Forum for Science, Industry and Business

Sponsored by:     3M 
Search our Site:

 

Mechanism of lung cancer-associated mutations suggests new therapeutic approaches

31.07.2012
Vanderbilt-Ingram Cancer Center researchers have identified how one of the genes most commonly mutated in lung cancer may promote such tumors.

The investigators found that the protein encoded by this gene, called EPHA3, normally inhibits tumor formation, and that loss or mutation of the gene – as often happens in lung cancer – diminishes this tumor-suppressive effect, potentially sparking the formation of lung cancer.

The findings, published July 24 in the Journal of the National Cancer Institute, could offer direction for personalizing cancer treatments and development of new therapies.

The ephrin family of receptors (EPH receptors) comprises a large group of cell surface proteins that regulate cell-to-cell communication in normal development and disease. EPH receptor mutations have been linked to several different cancer types.

Jin Chen, M.D., Ph.D., professor of Medicine, Cancer Biology and Cell & Developmental Biology, studies the cancer-associated roles of these receptors. While her lab has focused primarily on EPHA2 (and its role in promoting breast cancer and tumor blood vessel formation), she decided to look at a different ephrin receptor based on the findings of large genomic screens of lung tumors.

"A 2008 genome-wide study published in Nature identified 26 genes as potential drivers of lung cancer," Chen said. "One of them was EPHA3."

That study and others suggested that mutations in EPHA3 were present in 5 percent to 10 percent of lung adenocarcinomas. However, the studies did not reveal how these mutations might promote tumor formation or progression.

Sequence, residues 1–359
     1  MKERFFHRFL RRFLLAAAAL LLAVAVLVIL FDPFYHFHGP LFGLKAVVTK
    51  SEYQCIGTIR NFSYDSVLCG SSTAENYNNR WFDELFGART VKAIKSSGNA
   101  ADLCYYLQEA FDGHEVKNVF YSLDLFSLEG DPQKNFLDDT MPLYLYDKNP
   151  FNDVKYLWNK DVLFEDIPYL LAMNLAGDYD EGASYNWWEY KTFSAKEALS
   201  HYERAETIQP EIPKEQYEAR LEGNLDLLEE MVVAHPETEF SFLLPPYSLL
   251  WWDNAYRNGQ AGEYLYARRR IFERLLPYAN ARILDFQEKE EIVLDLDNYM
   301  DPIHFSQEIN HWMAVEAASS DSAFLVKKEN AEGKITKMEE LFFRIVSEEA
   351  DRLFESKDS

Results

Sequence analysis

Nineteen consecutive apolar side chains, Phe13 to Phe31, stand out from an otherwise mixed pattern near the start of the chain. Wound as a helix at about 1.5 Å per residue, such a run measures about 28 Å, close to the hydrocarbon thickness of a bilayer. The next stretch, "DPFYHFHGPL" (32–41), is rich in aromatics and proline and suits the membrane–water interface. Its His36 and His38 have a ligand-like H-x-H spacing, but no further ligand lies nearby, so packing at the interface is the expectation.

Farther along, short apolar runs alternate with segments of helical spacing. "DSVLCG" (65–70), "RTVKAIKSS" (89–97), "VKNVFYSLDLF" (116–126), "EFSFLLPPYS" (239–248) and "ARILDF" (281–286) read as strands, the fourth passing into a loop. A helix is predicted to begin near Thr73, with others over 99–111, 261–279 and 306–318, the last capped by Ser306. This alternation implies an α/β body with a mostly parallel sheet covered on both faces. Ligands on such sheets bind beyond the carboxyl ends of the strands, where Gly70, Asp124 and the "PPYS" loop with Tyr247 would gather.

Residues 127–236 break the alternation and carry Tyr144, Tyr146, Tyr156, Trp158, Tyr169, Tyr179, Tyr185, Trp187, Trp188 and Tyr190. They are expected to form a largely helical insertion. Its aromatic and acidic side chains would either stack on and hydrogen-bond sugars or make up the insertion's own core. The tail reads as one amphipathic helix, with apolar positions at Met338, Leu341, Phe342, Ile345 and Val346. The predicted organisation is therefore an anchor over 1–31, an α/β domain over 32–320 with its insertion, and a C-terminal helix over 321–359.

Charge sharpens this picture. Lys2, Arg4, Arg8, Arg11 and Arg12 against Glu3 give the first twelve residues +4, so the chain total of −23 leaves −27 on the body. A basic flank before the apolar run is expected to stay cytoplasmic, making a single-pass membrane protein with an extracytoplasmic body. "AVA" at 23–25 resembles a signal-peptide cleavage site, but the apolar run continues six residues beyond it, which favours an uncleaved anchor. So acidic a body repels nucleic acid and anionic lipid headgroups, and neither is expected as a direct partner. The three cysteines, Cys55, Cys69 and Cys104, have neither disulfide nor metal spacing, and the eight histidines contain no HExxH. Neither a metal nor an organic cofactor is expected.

Chen wanted to investigate further whether mutations in EPHA3 were actually "drivers" of lung cancer or just neutral "passenger" mutations and how the mutations might promote tumor growth.

The researchers generated and analyzed 15 different mutations in the receptor. They found that at least two functioned as "dominant negative" inhibitors of the EPHA3 protein – that is, having a mutation in just one allele (or "copy" – humans have two copies of each gene) was enough to inhibit the function of EPHA3.

Chen and colleagues determined that normal or "wild type" EPHA3 inhibits a downstream signaling pathway (the Akt pathway) that promotes cell survival – so, normally, activation of EPHA3 acts as a "brake" on cell growth and survival and induces programmed cell death (apoptosis). When one EPHA3 allele is lost (due to a mutation), the receptor cannot be activated and the Akt pathway remains active, which promotes cell growth and survival.

To determine the impact of EPHA3 mutations on human lung cancer cases, biostatisticians Yu Shyr, Ph.D., and Fei Ye, Ph.D., helped Chen's group identify a mutational signature from existing patient data that strongly correlated with poor patient survival. The team also found that both gene and protein levels of EPHA3 were decreased in patient lung tumors.

While previous studies had linked EPHA3 mutations to lung cancer, the current study is the first to "connect the dots."

"The EPH family is such a big family that nobody had really connected the data from bench top – from the cell and biochemical studies – to human data," Chen said.

Together, the findings suggest that mutations in EPHA3 may be important drivers of a significant fraction of lung cancers. And the research team's identification of the biochemical and cellular consequences of EPHA3 mutations suggests that therapies that target a downstream pathway (such as Akt) might be beneficial for tumors with mutant EPHA3.
Shyr is a professor of Biostatistics, Cancer Biology and Preventive Medicine and is Director of the Center for Quantitative sciences; Ye is an assistant professor of Biostatistics.